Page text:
As you might expect, "Underboss" is a fascinating read. (Author Peter Maas previously wrote the books "Serpico" and "The Valachi Papers", among others, so he knows how to tell a good crime story). Gravano does not portray himself as a saint. He candidly reveals in horrifying (though not gory) detail crimes he committed in the mob, including some nineteen murders and literally hundreds of burglaries, armed robberies, and kickback/extortion plots. All the major New York crime bosses of the time (Carlo Gambino, Joe Columbo, Paul Castellano, Vincent Gigante, and of course Gotti) figure in the proceedings, as Gavano had dealings with them and others, as well.

Unlike some true crime books where you end up skipping chapters to get to the "good stuff", this book was gripping every step of the way. So much so that I ended reading it cover to cover, all 301 pages, in less than a week. If you're looking for a good insider's book on the Mafia, this is it.

4-0 out of 5 stars A LOOK INTO THE DARK WOLD OF ORGANIZED CRIME
I enjoyed reading the book not just for the entertainment value, but also for the things it taught me about life in the mob. Some of the things I learned are the organization structure, codes of conduct, methods of intimidation, sources of mob income, and the absolute ruthlessness of the lifestyle.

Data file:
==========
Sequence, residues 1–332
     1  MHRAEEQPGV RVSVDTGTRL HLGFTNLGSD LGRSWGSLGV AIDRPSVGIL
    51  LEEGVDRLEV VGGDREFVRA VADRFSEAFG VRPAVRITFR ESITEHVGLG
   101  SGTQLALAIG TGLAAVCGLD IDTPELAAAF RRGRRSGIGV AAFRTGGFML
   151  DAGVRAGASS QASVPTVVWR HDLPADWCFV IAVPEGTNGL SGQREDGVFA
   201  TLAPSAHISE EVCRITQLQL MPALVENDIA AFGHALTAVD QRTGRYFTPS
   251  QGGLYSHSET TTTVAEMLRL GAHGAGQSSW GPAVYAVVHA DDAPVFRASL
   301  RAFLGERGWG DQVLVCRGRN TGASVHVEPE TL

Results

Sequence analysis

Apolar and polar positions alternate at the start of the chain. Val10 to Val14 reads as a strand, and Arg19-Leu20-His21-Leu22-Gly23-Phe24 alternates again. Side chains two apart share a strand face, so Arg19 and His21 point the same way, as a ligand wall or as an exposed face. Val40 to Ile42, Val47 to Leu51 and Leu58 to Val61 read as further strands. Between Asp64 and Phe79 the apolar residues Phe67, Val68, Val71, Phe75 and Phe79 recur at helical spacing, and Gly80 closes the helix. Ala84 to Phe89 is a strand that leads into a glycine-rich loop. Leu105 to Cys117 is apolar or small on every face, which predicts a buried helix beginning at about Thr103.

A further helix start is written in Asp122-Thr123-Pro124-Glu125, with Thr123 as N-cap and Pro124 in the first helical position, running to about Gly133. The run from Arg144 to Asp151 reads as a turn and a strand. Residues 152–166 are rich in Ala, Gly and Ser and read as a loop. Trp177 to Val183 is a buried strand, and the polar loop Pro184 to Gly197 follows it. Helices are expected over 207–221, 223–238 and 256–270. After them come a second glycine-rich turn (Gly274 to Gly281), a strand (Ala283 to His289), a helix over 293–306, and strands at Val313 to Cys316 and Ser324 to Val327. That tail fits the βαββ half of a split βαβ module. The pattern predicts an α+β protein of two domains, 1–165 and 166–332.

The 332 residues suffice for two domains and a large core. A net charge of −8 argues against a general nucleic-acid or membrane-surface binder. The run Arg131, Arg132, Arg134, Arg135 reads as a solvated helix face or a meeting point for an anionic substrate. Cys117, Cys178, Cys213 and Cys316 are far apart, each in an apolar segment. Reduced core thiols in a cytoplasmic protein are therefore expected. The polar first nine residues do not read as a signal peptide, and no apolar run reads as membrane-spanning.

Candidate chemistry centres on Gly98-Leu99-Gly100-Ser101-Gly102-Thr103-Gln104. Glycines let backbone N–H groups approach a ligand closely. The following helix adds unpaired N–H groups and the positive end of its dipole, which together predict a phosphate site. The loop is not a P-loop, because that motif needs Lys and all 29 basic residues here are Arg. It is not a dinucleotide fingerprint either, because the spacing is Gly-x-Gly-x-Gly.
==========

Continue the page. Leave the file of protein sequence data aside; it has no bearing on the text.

I like reading these kinds of books not because I think this life these people like Sammy Gravano lead was somehow cool or glamorous. Nothing could be farther from the truth. It's a dangerous, deceptive, wicked lifestyle. I enjoy reading mob books like this because I get a look into a different world I am rarely if ever exposed to. And of course this book, being a true story and interview of a former high-level mob underboss made it a very interesting read.

5-0 out of 5 stars Maybe the last chapter of La Cosa Nostra, & it's a great one
This really is an amazing insider account of arguably the most famous Italian Mafia family in American history, and the book more than lives up to its billing. The most dramatic thought that I came away with after reading "Underboss" is that Sammy the Bull didn't bring down Gotti and the Gambinos - Gotti did that. Sammy just put the final nail in the coffin.